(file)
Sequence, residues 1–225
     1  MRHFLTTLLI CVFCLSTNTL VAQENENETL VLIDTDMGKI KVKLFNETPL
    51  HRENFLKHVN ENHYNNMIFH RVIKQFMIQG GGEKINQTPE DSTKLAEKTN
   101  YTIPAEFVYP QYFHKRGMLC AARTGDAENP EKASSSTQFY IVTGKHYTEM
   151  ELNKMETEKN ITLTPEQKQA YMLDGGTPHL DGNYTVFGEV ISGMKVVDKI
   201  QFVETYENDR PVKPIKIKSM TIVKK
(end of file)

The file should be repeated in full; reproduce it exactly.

Sequence, residues 1–225
     1  MRHFLTTLLI CVFCLSTNTL VAQENENETL VLIDTDMGKI KVKLFNETPL
    51  HRENFLKHVN ENHYNNMIFH RVIKQFMIQG GGEKINQTPE DSTKLAEKTN
   101  YTIPAEFVYP QYFHKRGMLC AARTGDAENP EKASSSTQFY IVTGKHYTEM
   151  ELNKMETEKN ITLTPEQKQA YMLDGGTPHL DGNYTVFGEV ISGMKVVDKI
   201  QFVETYENDR PVKPIKIKSM TIVKK